Durable Growth

Unsettling encounter in Copperopolis Town Square

Town square

Town square


I know a couple who split their time between the North Bay and Twain Harte, a community in the Sierra foothills near Sonora.  Several years ago, the husband recommended Copperopolis as a town they enjoyed for stopovers on the drive between their two homes.

I still don’t know if he meant the slumbering village that remains from intermittent copper mining booms or Copperopolis Town Square, a supposedly urbanist setting built from scratch in the middle of open grasslands a few miles from the village.

But I was intrigued, and more than a bit dubious, about the goal of building an urbanist community divorced from any other development, especially in a setting remote from any large cities and without significant local industry.

Empty streets

Empty streets

And so I found myself in the empty Copperopolis Town Square early one Sunday morning back in 2008.  And by empty, I mean truly and completely devoid of other human beings.  The lofts overlooking the square hadn’t yet been offered for sale.  Nor was the adjoining residential yet built.  Even the parking lots surrounding the eight to ten existing buildings were empty.  Except for the hum of the occasional vehicle on the highway a short distance north, I was alone.

But I wasn’t without music.  The town square, with a cute but trite gazebo at one end, was wired to play music even if I was the only audience.  The music of the day was 1960s pop.  So my wanderings were accompanied by tunes from the Beatles, Byrds, Monkees, and others.



It was an interesting but disconcerting amble.  The setting and buildings were nicely done, but felt like a movie set.  I wouldn’t have been surprised to see Doc Emmett Brown speed past in his modified DeLorean.

Ultimately, the buildings couldn’t escape the fact that they were bogus, carefully designed to emulate how we think a late 19th century town square should look, but built to conform to 21st century building codes and sensibilities.  Amidst a throng of people, the deceit might have held.  But standing alone as the morning breezes off the grasslands whispered around the buildings, the fakery was too striking to be ignored.

And then, suddenly, I was no longer alone.  A man and his pre-teen son, in a full-size pickup towing a fishing boat, had driven into the town center.  They’d likely made a wrong turn enroute to a nearby fishing lake and now looked completely out of place.  As the music continued to play, the man drove down the far side of the square, crossed the bottom, and headed back toward me and his escape.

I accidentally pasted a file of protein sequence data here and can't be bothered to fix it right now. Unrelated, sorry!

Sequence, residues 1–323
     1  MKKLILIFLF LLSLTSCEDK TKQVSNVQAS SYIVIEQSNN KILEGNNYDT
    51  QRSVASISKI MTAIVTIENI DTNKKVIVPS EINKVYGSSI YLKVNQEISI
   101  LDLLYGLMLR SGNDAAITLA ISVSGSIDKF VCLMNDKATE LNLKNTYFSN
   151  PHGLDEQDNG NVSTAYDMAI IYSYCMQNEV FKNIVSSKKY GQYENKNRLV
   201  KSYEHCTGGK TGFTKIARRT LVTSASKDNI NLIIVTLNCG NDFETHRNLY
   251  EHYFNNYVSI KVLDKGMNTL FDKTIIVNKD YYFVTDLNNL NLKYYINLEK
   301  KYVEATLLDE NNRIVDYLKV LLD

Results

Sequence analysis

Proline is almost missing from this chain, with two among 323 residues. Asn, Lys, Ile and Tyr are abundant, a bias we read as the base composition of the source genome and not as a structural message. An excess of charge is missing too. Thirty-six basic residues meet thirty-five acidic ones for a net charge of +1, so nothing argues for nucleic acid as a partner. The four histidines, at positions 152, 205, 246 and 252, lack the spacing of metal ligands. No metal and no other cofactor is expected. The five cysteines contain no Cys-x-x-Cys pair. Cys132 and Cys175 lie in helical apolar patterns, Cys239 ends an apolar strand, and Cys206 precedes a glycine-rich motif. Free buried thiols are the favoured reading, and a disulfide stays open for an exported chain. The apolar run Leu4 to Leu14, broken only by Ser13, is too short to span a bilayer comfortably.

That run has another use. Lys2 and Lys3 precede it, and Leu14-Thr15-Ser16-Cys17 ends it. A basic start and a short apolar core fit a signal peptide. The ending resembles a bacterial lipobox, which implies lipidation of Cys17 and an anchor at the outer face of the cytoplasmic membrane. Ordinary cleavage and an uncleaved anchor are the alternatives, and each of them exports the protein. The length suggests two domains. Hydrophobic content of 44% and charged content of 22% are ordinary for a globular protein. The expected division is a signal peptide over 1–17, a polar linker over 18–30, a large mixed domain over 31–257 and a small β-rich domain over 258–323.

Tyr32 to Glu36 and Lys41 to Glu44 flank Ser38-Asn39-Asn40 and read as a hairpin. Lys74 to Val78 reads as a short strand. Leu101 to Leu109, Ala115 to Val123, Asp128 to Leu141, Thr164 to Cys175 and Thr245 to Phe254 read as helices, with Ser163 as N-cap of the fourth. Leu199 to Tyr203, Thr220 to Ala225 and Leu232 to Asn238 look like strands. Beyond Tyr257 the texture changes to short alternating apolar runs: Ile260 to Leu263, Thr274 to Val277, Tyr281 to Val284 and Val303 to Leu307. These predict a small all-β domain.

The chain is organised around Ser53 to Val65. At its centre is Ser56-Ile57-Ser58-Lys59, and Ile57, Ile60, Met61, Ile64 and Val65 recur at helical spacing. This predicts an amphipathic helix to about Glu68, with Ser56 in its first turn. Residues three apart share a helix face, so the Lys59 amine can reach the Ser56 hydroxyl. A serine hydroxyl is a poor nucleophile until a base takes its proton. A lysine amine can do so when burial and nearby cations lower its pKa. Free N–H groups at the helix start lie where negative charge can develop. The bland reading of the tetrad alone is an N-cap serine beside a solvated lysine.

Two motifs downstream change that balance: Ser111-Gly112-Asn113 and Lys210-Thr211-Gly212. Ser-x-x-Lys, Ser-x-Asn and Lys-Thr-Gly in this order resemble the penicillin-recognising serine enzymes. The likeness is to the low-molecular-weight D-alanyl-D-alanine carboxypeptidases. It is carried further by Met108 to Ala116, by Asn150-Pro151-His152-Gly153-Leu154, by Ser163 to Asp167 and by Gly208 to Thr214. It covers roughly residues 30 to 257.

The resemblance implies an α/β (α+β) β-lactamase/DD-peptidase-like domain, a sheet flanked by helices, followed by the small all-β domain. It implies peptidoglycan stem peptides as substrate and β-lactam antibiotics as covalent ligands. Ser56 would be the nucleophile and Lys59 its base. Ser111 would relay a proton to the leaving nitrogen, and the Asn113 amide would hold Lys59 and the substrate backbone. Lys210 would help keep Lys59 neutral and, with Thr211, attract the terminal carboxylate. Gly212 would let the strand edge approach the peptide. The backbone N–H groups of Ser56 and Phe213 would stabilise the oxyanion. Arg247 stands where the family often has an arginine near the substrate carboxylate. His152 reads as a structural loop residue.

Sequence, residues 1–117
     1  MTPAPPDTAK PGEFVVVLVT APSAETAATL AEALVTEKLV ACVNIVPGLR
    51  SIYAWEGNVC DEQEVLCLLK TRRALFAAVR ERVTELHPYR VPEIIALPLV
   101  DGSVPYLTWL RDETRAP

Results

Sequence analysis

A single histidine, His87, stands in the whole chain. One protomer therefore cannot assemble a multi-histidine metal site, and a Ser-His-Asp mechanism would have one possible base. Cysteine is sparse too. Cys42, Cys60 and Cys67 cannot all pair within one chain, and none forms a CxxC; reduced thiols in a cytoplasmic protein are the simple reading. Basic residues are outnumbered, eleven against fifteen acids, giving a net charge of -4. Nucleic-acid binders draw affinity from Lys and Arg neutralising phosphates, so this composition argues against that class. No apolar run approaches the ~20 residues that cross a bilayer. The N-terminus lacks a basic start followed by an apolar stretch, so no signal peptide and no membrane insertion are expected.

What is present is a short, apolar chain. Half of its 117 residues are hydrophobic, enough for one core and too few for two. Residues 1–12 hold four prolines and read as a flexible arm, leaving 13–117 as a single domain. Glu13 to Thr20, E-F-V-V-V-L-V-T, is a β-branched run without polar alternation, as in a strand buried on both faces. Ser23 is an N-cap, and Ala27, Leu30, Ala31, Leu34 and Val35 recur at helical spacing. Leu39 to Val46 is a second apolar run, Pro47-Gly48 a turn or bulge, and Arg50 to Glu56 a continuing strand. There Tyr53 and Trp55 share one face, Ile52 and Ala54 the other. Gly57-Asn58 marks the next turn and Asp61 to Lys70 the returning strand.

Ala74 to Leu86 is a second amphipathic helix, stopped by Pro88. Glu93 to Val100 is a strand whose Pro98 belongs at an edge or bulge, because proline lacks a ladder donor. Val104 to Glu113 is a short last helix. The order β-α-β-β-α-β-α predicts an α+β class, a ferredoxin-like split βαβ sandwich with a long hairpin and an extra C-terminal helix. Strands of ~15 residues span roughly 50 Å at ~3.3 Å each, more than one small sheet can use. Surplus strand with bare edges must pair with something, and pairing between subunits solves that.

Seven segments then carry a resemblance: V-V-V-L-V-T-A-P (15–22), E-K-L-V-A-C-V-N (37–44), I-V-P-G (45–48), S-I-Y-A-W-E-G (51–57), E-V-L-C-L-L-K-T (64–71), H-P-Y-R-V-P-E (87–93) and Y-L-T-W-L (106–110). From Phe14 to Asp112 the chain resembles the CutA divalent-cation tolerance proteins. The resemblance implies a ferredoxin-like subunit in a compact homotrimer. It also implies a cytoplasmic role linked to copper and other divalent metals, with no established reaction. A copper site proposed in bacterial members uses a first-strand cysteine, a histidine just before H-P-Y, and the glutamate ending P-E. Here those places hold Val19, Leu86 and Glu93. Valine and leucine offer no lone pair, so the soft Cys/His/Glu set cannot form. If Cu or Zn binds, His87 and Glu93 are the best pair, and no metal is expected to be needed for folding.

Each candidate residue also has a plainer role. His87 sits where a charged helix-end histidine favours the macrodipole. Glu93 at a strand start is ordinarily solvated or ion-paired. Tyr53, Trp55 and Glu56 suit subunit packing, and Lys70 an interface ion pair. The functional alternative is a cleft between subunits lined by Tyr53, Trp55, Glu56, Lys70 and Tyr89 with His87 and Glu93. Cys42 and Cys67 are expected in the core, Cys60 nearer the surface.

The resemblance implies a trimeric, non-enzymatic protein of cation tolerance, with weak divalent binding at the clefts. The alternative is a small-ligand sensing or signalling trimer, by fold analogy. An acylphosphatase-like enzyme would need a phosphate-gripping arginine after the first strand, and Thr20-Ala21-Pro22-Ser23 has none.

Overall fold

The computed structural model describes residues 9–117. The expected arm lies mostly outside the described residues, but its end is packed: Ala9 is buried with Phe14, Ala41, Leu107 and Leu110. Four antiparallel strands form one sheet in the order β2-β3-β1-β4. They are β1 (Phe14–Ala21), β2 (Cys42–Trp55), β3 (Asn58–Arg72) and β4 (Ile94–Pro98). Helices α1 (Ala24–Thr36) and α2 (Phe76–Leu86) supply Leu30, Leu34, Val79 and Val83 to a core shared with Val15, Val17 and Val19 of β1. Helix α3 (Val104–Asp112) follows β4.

You wouldn’t think that a simple pickup and fishing boat would have seemed strange, but the incongruity between the modern vehicle and the empty square was riveting.

I had the right as a pedestrian to cross the street in front of the truck.  But the truck exuded an urgency to escape.  So I stayed on the curb and waved them through.  My wave seemed to make no difference.  The driver and passenger sat still in the truck, not looking at me, at their surroundings, or at each other.

The truck slowed to a stop next to me and then accelerated away from the square.  At our closest, I’d been ten feet from the man and his boy and yet no sign of acknowledgment had passed.  It was as if I was an alien species to be studiously ignored until a getaway could be completed.

Meanwhile, the music played on.  The playlist had reached “Henry the Eighth” by Herman’s Hermits.




I’m Henry the eighth, I am

Henry the eighth, I am, I am

I got married to the widow next door

She’s been married seven times before


The music completed the absurdity of the encounter.

Earlier this week, I revisited the Copperopolis Town Square.  The square was no longer deserted, with children playing around the gazebo and older couples lunching at picnic tables.  But neither was it teeming with people on a midweek afternoon.

Bicycle-riding boy near gazebo

Bicycle-riding boy near gazebo

A few more buildings had been built.  Some of the lofts seemed occupied.  The gazebo still seemed pristine.  And the town hall still loomed with majesty over the scene.  But many of the storefronts were vacant and the graded lots for the nearby residential development remained empty.  After six years, it wasn’t much progress.  Meanwhile, my traveling companion could only gaze about in wonderment, astonished that an Iowa town square had somehow been plopped into the California foothills.

According to the yardsticks used by developers and their bankers, it was a failed project.  Perhaps it had a few artistic successes, but by the measures that mattered, which mean money, it was a disaster.

Town Hall

Town Hall

And I’m torn on how I feel about it.  On one hand, it might have been thrilling if Californians had flocked to their version of Seaside, Florida.   But on the other hand, it’s so much better when urbanism can come to the rescue of a struggling town such as Suisun City.  Copperopolis Town Square, sitting amidst the empty grasslands of Calaveras County, is little more than Main Street at Disneyland without a nearby Space Mountain.

Ultimately, perhaps all for which I can hope is that the man and his son escaped their brush with mock urbanism unscathed and even caught a few fish.

As always, your questions or comments will be appreciated.  Please comment below or email me.  And thanks for reading. – Dave Alden (davealden53@comcast.net)

Written by Dave Alden

Dave Alden

Dave Alden is a Registered Civil Engineer. A University of California graduate, he has worked on energy and land-use projects in California, Oregon, and Washington. He was also the president of a minor league baseball team for two seasons. He lives on the west side of Petaluma with his wife and two dogs. The blog that he writes can be found at http://northbaydesignkit.blogspot.com.

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